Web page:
according to his classical formula V = d/D, where
d is the distance at which the letters are read, and
D is the distance at which the letters should be
read. Therefore, record the smallest line read on
the chart from the 20-foot distance as the vision,
i.e., 20/20, 20/200.
Use Jaeger cards to test near vision but only
when the Armed Forces Vision Tester is not
available. There are six paragraphs on each card.
Each paragraph is printed in a different size type
and labeled as J-1, J-2, . . . , or J-6.
When testing the examinee, hold the card at
a distance of 13 inches (30 cm) from the examinee
and tell the examinee to read the paragraphs.
Record the visual acuity as the smallest type com-
fortably read and the distance, i.e., J-2 at 30 cm.
Armed Forces Vision Tester
The Armed Forces Vision Tester (AFVT) is
a semiportable machine that has the capability to
test near and distant visual acuity, horizontal and
vertical phorias, and steropsis (depth perception).
It consists of two rotating drums that hold il-
luminated slides for the various tests. The handles
on the side of the machine rotate the drums to
change the slide. A scoring key and instruction
manual are provided with the machine. The
Manual of the Medical Department also provides
detailed instruction on the use of the AFVT.
COLOR VISION TESTING
The Manual of the Medical Department re-
quires that all applicants for entrance into the
naval service receive a color vision test. The Navy
has two methods of testing color discrimination:
the Farnsworth Lantern Test (FALANT), and the
pseudoisochromatic plates (PIP). The FALANT
is the preferred, and in many cases the only ac-
ceptable, method for testing color vision.
Farnsworth Lantern Test
The Farnsworth Lantern Test was devised as
a means to pass personnel with normal color vi-
sion and those with a mild degree of color blind-
ness. The Farnsworth Lantern is a machine with
a light source directed at the examinee. What the
examinee sees is two lights in a vertical plane,
either red, green, or white, shown in varying com-
binations, i.e., red and green, red and red, etc.
Have the examinee identify the color combina-
tions from top to bottom at a distance of 8 feet;
the examiner rotates the drum to provide the dif-
ferent combinations. There are a total of nine dif-
ferent combination that the examinee must
On the first run of nine lights, if the examinee
correctly identifies all nine, the FALANT is
passed. If the examinee incorrectly identifies any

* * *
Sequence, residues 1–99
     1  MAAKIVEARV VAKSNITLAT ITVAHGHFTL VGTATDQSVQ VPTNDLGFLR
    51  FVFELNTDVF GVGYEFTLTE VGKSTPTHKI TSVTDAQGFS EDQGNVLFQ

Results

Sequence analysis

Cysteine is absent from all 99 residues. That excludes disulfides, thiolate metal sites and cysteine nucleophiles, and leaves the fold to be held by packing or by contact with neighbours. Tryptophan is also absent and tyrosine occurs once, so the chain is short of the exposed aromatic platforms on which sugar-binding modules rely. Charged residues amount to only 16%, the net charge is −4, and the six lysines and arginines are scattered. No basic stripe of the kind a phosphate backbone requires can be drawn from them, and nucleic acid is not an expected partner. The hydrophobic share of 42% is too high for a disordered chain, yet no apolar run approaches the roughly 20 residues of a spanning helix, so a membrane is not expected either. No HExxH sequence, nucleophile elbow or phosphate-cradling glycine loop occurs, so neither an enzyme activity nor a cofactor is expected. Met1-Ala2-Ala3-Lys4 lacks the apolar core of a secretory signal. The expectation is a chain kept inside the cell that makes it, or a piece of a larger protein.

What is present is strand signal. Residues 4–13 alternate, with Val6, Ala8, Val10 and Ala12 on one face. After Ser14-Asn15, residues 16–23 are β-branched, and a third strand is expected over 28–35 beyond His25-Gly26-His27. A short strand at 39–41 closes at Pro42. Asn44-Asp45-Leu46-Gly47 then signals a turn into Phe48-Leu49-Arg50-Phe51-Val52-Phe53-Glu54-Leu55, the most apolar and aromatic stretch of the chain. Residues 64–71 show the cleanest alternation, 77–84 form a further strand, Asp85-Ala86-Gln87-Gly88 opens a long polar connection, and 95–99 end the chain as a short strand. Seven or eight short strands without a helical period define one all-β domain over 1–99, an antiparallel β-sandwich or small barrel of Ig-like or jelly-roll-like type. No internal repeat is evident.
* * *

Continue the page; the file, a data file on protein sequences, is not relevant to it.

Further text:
of the lights, either top, bottom, or both, do two
additional runs of nine lights without interrup-
tion. The score is the average number of incor-
rectly identified lights of the second two runs. If
the average score is 1 or less, the FALANT is
passed. If the score is 2 or more, the FALANT
is failed. If the score is 1,5, repeat the test after
a 5-minute break. Do not retest scores of 2 or
more as this will invalidate the test procedure.
NOTE: If the examinee wears corrective lenses for
distant vision, he or she should wear them during
Use pseudoisochromatic plates to determine
color vision only if the FALANT is not available.
Personnel so tested must be retested with the
FALANT at the first activity they report to that
has a Farnsworth Lantern. Two sets of plates are
available: the 18-plate test and the 15-plate test,
each of which has one demonstration plate not
used for scoring.
When administering the PIP examination,
hold the plates 30 inches from the examinee.
Allow two seconds for each plate identification,
and do not allow the examinee to touch the plates.
TO pass the 18-plate test, the examinee must iden-
tify a minimum of 14 of the 17 test plates; for
the 15-plate test, a minimum of 10 of the 14 test
plates. Record the score in block 64 of the SF 88
as Passed PIP or Failed PIP, with the number
of correct responses, i.e., Passed PIP 17 of 17 or
Failed PIP 10 of 17.
Hearing of all applicants for enlistment, ap-
pointment, or commissioning is tested by audio-
meters calibrated to either American Standards
Association (ASA) or International Standards
Organization (IS0) standards. All audiometric
tracings or audiometric readings recorded on
reports of medical examination or other medical
records will be clearly identified with Results
ASA-1951 or Results ISO-1964. Audiometric